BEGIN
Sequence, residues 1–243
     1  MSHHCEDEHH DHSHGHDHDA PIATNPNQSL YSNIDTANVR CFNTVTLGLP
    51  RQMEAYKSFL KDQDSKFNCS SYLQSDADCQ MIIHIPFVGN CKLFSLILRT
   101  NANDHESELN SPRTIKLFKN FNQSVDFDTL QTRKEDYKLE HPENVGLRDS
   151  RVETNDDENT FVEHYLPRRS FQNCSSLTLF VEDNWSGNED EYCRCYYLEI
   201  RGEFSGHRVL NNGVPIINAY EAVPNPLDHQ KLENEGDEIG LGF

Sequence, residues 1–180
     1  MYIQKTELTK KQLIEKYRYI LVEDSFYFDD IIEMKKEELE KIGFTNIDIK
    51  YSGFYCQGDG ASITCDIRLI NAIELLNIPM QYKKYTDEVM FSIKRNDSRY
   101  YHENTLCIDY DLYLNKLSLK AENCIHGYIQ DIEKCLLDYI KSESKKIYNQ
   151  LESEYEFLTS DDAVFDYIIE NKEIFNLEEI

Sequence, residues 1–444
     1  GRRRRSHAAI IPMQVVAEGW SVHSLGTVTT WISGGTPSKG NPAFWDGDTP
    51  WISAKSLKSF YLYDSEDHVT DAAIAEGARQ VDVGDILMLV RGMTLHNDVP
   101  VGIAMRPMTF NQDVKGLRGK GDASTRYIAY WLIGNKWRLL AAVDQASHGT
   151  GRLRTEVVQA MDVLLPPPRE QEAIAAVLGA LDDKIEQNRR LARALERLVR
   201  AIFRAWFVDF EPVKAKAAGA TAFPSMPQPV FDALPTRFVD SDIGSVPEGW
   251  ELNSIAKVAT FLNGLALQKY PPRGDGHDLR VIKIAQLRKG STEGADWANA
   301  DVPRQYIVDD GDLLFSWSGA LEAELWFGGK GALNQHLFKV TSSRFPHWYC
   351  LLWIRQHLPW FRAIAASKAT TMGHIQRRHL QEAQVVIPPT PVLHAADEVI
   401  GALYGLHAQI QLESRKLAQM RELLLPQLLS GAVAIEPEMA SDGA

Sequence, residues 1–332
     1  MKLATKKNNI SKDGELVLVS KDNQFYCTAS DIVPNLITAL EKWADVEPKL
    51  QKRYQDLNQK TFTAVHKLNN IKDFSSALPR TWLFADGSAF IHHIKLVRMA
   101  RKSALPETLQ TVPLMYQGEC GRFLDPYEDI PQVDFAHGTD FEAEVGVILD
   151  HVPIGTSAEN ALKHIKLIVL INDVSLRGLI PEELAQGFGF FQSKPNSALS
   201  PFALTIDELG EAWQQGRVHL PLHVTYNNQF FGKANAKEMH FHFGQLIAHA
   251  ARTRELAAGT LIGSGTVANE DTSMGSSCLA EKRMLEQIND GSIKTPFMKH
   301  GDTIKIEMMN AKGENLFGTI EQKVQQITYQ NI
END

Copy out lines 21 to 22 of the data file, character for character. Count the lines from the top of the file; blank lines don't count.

   401  GALYGLHAQI QLESRKLAQM RELLLPQLLS GAVAIEPEMA SDGA

Sequence, residues 1–332